Constructing the Twentieth-Century Child: Postcolonial Retellings of Estevanico from Cabeza de Vaca’s <em>La Relación</em>

  • Cristina Rhodes
Keywords: twentieth century, colonialism, race, friendship, childhood

Abstract

Sparked by the racially divisive socio-cultural environment of the United States in the post-war period, children’s literature saw a rise in the publication of children’s books that reimagined colonial texts such as Álvar Núñez Cabeza de Vaca’s La Relación. By highlighting the country’s colonial origins, many such texts reinforced the ideals of white American nationalism. This trend is illustrated in retellings of La Relación, which complicate race relations through an emphasis on Estevanico, the Moorish slave, whose relationships with the child characters in books like Frank G. Slaughter’s Apalachee Gold, Betty Baker’s Walk the World’s Rim, and Jeanette Mirsky’s The Gentle Conquistadors ultimately reveal twentieth- century America’s reluctance to accept minorities. Estevanico’s childish relationships and infantilization represent emergent ideologies of children and childhood that promote colonial/white children’s power over the Other.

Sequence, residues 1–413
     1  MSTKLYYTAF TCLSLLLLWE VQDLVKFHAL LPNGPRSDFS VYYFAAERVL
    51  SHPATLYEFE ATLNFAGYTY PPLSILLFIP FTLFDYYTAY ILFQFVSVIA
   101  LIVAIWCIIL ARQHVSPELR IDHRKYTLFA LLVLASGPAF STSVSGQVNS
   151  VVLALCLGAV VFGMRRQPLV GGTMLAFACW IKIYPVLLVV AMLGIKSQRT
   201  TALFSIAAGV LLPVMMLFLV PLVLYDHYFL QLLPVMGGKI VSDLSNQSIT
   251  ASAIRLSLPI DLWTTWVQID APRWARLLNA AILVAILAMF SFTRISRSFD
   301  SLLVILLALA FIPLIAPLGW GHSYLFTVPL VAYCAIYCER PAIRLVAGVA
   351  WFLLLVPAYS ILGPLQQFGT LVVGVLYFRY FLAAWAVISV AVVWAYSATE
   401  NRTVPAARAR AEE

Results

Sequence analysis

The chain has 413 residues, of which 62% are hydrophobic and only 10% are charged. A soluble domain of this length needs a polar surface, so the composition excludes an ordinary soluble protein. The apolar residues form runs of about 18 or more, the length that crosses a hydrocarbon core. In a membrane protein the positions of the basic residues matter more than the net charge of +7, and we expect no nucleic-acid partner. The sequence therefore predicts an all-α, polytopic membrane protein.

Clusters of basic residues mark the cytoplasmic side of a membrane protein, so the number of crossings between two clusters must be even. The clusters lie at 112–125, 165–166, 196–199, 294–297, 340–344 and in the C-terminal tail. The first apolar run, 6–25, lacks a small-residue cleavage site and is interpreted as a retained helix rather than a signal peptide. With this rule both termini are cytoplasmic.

Author Biography

Cristina Rhodes

Cristina Rhodes is a doctoral student at Texas A&M University–Commerce. Her currentresearch focuses on activism inLatinx children’s and young adult literature. While pursuing this scholarship, Cristina also teaches first-year composition, developmental writing, and children’s literature.

Published
2018-09-15
How to Cite
Rhodes, C. (2018). Constructing the Twentieth-Century Child: Postcolonial Retellings of Estevanico from Cabeza de Vaca’s <em>La Relación</em&gt;. Jeunesse: Young People, Texts, Cultures, 9(2). Retrieved from http://jeunessejournal.ca/index.php/yptc/article/view/403
Section
Articles